This meta tag is useless. M$ changed their minds and reversed their plans about implementing the extended features of SmartTags when the web community voiced an very loud objection.
Although the SmartTag framework still exists for those using Windows/IE and there is a possibility that some level of this technology may be put into use in the future, currently the tag does absolutely nothing and everyone I know who initially installed it across their website, has since removed it.
However, if you have evidence that the tag actually does something, I think we'd all be interested.
Now I haven't gone through all my logs, but I'm not aware of MSNbot having done anything untowards (on my site - YMMV!). I also just checked their index and found nothing that shouldn't be there. How recently did you catch them misbehaving, internetheaven?
> they seem to be behaving themselves a bit more.
I highly suspect that this is a coincidence, given that...
> This meta tag is useless.
...and it was/is a tag that works against Microsoft technology. It flys in the face of logic, but I do realize we're talking about Microsoft.
> Do you use it site-wide or just on select pages?
Myself, I do not use it on select pages. That is, most all pages have the attribute but a select few are cachable by Google. This is for the/any psychological effect a freshdate may have on a searcher.
SEO means playing tech games with the engines and mind games with searchers.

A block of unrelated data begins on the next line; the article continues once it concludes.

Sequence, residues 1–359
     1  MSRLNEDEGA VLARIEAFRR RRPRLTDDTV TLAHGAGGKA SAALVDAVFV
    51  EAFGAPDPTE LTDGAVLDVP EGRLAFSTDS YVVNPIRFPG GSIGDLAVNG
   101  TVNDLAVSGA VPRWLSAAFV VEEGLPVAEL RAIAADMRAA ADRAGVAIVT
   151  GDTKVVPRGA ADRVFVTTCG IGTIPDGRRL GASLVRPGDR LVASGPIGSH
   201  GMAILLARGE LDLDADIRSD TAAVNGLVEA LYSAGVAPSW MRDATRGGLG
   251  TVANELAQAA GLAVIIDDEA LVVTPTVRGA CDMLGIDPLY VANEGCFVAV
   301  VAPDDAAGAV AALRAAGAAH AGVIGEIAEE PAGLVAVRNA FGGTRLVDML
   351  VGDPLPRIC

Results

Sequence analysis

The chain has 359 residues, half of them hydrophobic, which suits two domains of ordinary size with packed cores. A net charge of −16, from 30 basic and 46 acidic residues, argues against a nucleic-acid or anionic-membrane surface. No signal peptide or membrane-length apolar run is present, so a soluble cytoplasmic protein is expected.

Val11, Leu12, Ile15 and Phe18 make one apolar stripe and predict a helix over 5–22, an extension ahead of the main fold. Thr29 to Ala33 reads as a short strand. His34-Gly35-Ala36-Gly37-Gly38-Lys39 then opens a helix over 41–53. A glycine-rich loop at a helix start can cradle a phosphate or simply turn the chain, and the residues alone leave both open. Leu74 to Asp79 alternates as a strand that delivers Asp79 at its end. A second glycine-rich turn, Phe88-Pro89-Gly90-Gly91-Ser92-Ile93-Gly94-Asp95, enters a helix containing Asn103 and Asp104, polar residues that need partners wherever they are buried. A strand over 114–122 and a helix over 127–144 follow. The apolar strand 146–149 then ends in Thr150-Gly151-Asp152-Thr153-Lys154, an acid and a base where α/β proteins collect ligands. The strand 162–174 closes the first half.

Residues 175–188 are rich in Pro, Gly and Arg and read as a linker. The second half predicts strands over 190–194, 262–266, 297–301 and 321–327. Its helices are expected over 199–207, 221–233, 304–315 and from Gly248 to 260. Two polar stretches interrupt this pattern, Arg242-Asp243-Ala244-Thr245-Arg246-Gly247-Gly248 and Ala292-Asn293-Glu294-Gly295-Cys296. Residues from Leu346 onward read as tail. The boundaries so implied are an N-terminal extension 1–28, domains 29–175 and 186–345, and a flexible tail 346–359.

It's obviously very early days, but things are looking good so far.
I have also found MSN disobey most of the regular robot rules
I've never had any problem with msnbot, either with robots.txt or robots meta tags. You might want to validate your robots.txt to make sure there's no problem.
For my site, Google are now omitting the Cached link next to some pages. Again, just like MSN, there has been no perceptible change whatsoever in ranking.
have you seen any negative effects yet?
No problems: I've dropped a couple of slots on my primary keyword, but I've got a bit of a 302 problem from a couple of directories and an authority site has jumped ahead of me with two pages on my subject (I'm still in position 3 and 4). Other keywords are fine if not better, and traffic from Google and MSN has increased. The site has always done badly in Yahoo, no change there.
Of course, the only search engines I know support this tag are Google, MSN and Yahoo - it won't block caching by other sites.
how do you do this on the server side
Cloaking ;) Either add it for known bots, or do what I'm doing for a new forum I'm launching soon and make it appear only when a user is not logged in.